Understanding Android 5.1 Lollipop's 'Device Protection' Security Feature

Android 5 1 AH 1

Android 5.1 Lollipop was not a huge monumental update to the Android software, that doesn’t mean that it didn’t introduce some important and otherwise huge features. At least one new feature not only seems to be setting Google and the Android OS up for being in line with the killswitch law for future devices that need to be in compliance, but it also helps to secure the device of anyone who has the Device Protection feature enabled just a little better than what things were without it, which is pretty big for anyone who can enable the feature on their smartphone or tablet.

While the software update details from Google’s official announcement a few days ago state that Android 5.1 brings Device Protection to the table, it’s important to understand that this doesn’t mean every single device that gets updated to Android 5.1 Lollipop will have Device Protection. It seems a bit confusing, and that’s why we want to help clarify things as much as we can. All future devices that come running Android 5.1 Lollipop out of the box will have this enabled, or the capability to have it enabled, and as of now the Nexus 6 and the Nexus 9 will support it if Android 5.1 is running on the device. As for all previous Nexus devices, which includes the Nexus 5, Nexus 4, both generations of the Nexus 7 tablet and the Nexus 10, Device Protection is not included even after the update to Android 5.1 Lollipop.

Activating Device Protection doesn’t really have to be initiated, but you do have to have at least one Google account already on the device with a secured lock screen enabled using a password, PIN, or pattern, and of course your phone or tablet has to be compatible. If you’re unsure about device compatibility but you are running on Android 5.1, you can figure things out by enabling a PIN , pattern, or password for your screen lock and then disabling it, which should alert you that Device Protection will no longer work, if it was on in the first place. If you’re curious about whether or not Device Protection is something you’d even want, just weigh out having extra security vs having less security. Extra is always better. Essentially Device Protection just adds an extra layer of security to your device. It’s the same idea as two-factor authentication adding an extra layer of security to your Google account, although they don’t work in the same way, nor do they really do the same thing when you get down to the specifics.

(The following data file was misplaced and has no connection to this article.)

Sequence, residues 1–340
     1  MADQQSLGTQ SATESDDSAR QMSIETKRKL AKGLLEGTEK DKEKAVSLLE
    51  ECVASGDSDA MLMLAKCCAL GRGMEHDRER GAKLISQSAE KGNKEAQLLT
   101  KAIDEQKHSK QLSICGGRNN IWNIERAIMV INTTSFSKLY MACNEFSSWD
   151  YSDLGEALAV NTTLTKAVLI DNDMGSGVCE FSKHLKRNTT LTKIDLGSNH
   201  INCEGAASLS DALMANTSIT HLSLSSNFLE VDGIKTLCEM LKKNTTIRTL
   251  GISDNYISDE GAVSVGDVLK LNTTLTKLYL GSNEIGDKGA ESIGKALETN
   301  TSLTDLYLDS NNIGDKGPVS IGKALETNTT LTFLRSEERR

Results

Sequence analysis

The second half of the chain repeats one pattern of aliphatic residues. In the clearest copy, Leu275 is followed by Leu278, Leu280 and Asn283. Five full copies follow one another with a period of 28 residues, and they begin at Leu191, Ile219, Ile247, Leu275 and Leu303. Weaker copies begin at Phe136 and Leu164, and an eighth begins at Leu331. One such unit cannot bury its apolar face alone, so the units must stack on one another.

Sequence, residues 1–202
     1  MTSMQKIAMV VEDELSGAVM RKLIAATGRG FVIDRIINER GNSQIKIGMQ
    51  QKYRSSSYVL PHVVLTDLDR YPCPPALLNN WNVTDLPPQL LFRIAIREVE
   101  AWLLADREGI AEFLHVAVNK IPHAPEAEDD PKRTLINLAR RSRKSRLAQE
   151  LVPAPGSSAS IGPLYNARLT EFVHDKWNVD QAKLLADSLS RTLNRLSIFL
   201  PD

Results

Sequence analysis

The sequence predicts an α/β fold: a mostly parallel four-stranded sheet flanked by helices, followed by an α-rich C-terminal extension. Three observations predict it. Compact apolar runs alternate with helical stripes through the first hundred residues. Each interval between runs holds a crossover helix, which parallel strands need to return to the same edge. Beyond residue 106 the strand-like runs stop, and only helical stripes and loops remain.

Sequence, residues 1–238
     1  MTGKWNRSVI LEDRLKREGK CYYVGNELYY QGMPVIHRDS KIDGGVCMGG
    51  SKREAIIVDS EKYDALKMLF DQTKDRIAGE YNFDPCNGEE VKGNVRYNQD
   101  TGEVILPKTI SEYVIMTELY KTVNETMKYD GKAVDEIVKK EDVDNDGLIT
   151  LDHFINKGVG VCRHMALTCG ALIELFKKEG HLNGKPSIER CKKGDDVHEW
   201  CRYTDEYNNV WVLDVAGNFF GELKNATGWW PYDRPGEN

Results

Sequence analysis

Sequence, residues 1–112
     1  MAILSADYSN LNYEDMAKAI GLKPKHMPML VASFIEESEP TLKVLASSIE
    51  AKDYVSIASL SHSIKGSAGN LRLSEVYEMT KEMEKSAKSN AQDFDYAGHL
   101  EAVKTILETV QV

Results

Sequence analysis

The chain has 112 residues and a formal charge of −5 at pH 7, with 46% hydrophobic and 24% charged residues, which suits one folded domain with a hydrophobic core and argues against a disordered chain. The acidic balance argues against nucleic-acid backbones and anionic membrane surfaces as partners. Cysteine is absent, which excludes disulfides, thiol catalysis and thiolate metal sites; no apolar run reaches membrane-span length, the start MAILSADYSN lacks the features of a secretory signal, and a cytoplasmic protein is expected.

The way it works is that if your device is lost or stolen, the device can be protected in a number of different ways. It’s also worth noting as we have mentioned before that Device Protection persists through factory resets, so if your device is stolen and it’s wiped through a factory reset by the thief, they will still not be able to get into the device as they will be prompted to sign in with the last remaining Google account that was on the device before it was wiped. Device Protection also keeps thieves from removing the last Google account if there was more than one, or if there was only one account to begin with, thus keeping Device Protection intact should your lockscreen not be enough to stop the device thief from getting to your personal data. In the event that someone gets a hold of your Google account password prior to or during the theft of your device and changes it, you will have a 72-hour window to change the password back to something you have personally set. During this 72-hour timeframe, the device cannot be logged into with that Google account in the event of a wipe, so for a period of three days, Device Protection will continue to serve its purpose and give you a chance to reset things, after that, all bets are off. Google also mentions that Device Protection may or may not work as they intended if you have unlocked your bootloader, so if your device is rooted, or rooted and running a custom ROM, Device Protection functionality is not guaranteed to work correctly.